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Nordic Giants are not so much a band as a multimedia performance art experience. Like a post-rock Daft Punk, they hide their individuality so that the concept of Nordic Giants is untainted by the banalities of the real world, creating cinematic soundscapes which seem to tell stories of monsters and men in grand, impossible landscapes.

Which is not to say that their music is not grounded in reality. The song Mechanical Minds - from their 2014 mini album Build Seas, Dismantle Suns - is a call for pacifism and unity which makes unambiguous use of one of the most famous speeches in 20th Century cinema, by one of its most charismatic performers.

The true Nordic Giants experience takes place live in concert, in which the duo emerge like barbarian chieftains from the Dark Ages equipped with a drum kit and a set of keyboards, dressed in leathers and black feather headdresses, and perform almost in darkness, lit principally by the backdrop of short films that accompany each of their largely instrumental pieces.

Nordic Giants perform 'Mechanical Minds' live at the Pavilion Theatre to a sold out audience in February 2013. On screen film is The Gift by Carl E. Rinsch. Filmed by Galapagos Production in association with Brighton Noise.

Mechanical Minds gives you a flavour of the full Nordic Giants live experience because it contains samples from the most oft-quoted scene in the Oscar-nominated 1940 comedy The Great Dictator, Charlie Chaplin's scything satire of fascist ideology and practice.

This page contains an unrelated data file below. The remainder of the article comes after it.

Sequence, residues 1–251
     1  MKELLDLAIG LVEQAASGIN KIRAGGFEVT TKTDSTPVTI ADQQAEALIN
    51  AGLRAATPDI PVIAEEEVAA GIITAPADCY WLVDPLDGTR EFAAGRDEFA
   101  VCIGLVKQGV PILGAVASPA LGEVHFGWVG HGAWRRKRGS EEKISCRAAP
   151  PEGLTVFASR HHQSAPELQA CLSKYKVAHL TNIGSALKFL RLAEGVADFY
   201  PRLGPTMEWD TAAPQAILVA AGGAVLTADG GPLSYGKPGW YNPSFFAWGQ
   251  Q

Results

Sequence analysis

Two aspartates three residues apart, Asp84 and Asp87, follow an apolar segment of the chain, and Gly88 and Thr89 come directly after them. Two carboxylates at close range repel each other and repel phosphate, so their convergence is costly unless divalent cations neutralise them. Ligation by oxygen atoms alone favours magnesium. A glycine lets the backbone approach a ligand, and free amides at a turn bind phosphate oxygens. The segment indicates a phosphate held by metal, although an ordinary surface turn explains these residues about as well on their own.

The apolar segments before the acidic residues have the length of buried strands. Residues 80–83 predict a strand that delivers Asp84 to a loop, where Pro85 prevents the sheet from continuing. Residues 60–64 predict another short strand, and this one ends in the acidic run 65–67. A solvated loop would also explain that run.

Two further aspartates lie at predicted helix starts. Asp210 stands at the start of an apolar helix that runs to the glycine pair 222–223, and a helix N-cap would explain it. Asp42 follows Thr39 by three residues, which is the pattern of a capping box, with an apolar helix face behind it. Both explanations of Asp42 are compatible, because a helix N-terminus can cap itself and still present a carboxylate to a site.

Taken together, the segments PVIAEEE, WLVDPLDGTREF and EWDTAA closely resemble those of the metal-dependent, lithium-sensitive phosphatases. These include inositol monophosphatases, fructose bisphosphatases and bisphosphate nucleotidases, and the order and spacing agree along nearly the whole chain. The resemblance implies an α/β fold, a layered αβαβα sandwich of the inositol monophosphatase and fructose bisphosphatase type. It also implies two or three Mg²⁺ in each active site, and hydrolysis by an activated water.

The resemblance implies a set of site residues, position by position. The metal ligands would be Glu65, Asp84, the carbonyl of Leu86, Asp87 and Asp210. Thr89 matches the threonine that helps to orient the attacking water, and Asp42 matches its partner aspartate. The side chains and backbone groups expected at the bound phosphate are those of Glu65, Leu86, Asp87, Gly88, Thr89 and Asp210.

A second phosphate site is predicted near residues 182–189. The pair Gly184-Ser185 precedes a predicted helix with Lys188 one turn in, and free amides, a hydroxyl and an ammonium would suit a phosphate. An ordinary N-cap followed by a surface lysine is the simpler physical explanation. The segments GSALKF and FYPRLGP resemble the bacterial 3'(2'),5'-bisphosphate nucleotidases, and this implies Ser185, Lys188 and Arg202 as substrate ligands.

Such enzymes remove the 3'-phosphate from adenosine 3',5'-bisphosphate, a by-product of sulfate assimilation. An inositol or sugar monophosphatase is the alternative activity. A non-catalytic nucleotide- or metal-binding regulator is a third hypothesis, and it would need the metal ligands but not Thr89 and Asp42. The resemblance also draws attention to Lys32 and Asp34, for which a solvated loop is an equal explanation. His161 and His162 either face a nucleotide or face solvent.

In Chaplin's first talkie and most successful film, the silent movie tramp plays both Adenoid Hynkel, ruthless, anti-semitic leader of Tomainia, and an amnesiac Jewish barber who just happens to resemble him. And in a classic farce of mistaken identity, the barber assumes the leader's identity (whilst Hynkel, elsewhere, is being mistaken for the barber and arrested by his own soldiers) and the barber reluctantly gets up to make a rousing speech declaring Tomainia a democracy.

Few men could have undermined Hitler's credibility around the world as successfully as Charlie Chaplin - in 1940 he was one of the world's most beloved and respected comedians. And here he was, portraying a very thinly disguised Hitler as a buffoon to be mocked rather than feared, whilst at the same time confronting the evil of racism. Chaplin's popularity undoubtedly suffered as a direct result of this boldly political film, but no one understood better than him that Hollywood was a soap box from which he could address the whole world.

"You the people have the power to make this life free and beautiful," says the barber, as his speech shifts gear from timid and unassertive to confident and powerful, "to make this life a wonderful adventure. Then in the name of democracy let us use that power. Let us all unite."

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About the curator: Jon Ewing

After graduating from the University of Keele in England with a degree in Politics and American Studies, Jon worked as editor of a music and entertainment magazine before spending several years as a freelance writer and, with the advent of the internet, a website designer, developer and consultant. He lives in Reading, home to one of the world's most famous and long-running music festivals, which he has attended every year since 1992.